Why Flush Your Data Down The Drain?
Bruckenstein launched the panel into a heated discussion about data aggregation when he said that it was relatively easy to connect retirement accounts like 401(k)s and 529s to advisory platforms. Srinivasan pointed out that it was actually quite difficult but has been made easier over the years as aggregation vendors were forced by financial institutions to move from screen scraping to direct API feeds.
This greatly improved the data quality and also almost totally eliminated broken connections that were plaguing data aggregation vendors. These data breaks impact client satisfaction as it blocks updates in holdings from appearing in the client portal.
Client complaints are a huge driver of new technology. According to a survey conducted by software provider AdvisorEngine and their parent company, Franklin Templeton, 69% of advisors feel that the greatest value provided by technology integration is the ability for asset/account aggregation to provide a unified view of holdings to clients.
There’s still confusion around what data aggregation can and can’t do, Srinivasan stated. It can’t be used for performance reporting since the data is usually not reconciled. But if the advisor wants to know balances and positions of a client’s held away accounts to run a financial plan, then aggregated data should be fine, he noted.
Schwab will work with any data aggregation vendor that asks to connect to their API, Srinivasan explained. They currently work with vendors including Envestnet | Yodlee, Intuit, Morningstar By All Accounts, and Plaid Wealth (Formerly Quovo) to pull Schwab data for their mutual clients. Schwab also has partnered with Yodlee to build out their own aggregation capabilities which surfaces data for advisors who log onto Schwab.com.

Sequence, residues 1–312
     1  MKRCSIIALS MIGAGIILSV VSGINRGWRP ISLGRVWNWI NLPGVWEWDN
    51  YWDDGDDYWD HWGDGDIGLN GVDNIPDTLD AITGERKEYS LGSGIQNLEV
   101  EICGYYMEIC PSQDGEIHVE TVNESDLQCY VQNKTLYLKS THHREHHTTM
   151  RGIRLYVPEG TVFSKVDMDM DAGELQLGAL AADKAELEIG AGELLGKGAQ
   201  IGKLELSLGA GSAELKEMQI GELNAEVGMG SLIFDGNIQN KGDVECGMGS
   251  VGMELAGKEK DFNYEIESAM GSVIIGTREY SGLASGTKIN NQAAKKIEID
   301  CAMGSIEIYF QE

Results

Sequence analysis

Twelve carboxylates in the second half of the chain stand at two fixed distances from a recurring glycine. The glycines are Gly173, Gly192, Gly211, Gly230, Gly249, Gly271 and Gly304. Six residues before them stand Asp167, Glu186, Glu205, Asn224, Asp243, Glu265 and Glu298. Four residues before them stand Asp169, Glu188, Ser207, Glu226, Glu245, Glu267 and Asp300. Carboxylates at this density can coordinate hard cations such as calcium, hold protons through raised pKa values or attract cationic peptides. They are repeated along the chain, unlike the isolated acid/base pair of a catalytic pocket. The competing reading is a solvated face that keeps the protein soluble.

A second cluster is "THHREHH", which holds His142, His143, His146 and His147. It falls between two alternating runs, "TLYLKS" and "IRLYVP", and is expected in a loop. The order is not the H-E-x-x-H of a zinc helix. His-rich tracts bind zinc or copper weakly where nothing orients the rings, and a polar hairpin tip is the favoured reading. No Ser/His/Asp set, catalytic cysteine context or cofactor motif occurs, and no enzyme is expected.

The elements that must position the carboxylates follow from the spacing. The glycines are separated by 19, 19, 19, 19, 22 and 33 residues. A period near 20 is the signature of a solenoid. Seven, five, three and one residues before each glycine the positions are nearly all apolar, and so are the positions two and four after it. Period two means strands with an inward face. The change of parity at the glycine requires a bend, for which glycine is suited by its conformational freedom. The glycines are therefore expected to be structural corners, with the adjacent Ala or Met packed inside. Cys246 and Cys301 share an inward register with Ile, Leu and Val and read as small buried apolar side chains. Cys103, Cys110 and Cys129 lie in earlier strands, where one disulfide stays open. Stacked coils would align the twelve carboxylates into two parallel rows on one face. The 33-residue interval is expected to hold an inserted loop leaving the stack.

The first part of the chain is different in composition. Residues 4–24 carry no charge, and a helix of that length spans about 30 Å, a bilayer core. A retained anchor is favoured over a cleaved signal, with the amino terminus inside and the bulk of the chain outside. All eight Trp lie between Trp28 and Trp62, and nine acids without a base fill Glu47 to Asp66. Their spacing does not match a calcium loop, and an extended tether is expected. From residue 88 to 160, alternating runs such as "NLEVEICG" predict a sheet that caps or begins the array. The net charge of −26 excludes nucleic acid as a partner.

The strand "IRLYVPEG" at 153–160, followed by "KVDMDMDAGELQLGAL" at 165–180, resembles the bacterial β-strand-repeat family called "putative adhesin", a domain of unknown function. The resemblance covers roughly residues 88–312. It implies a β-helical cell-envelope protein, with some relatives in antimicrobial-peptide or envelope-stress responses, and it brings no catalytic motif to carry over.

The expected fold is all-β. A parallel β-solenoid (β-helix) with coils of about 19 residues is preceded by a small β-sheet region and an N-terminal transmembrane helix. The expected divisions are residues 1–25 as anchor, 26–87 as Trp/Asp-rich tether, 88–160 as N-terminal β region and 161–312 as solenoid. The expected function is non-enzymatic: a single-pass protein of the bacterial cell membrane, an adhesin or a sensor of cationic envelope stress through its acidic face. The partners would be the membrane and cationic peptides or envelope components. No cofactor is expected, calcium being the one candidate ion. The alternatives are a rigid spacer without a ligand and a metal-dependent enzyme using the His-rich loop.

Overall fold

Ezra Group has done some research in data aggregation and what we have found is that there is no standardized methodology for comparing vendors. No one is analyzing their data feeds to verify the accuracy, reliability or scalability across data aggregation vendors including the ones listed above as well as other vendors such as Aqumulate, Blueleaf, Fidelity eMoney Advisor, MX, Wealth Access, Xignite. (See How BI Can Help Tailor Your Business Results)
A Mountain of Applications
I Another area where I disagreed with the other panelists was with the idea that there are too many software applications in our industry. Joel and Kartik both said there is an over-abundance of technology options in our industry, which they feel can be overwhelming to advisors at times.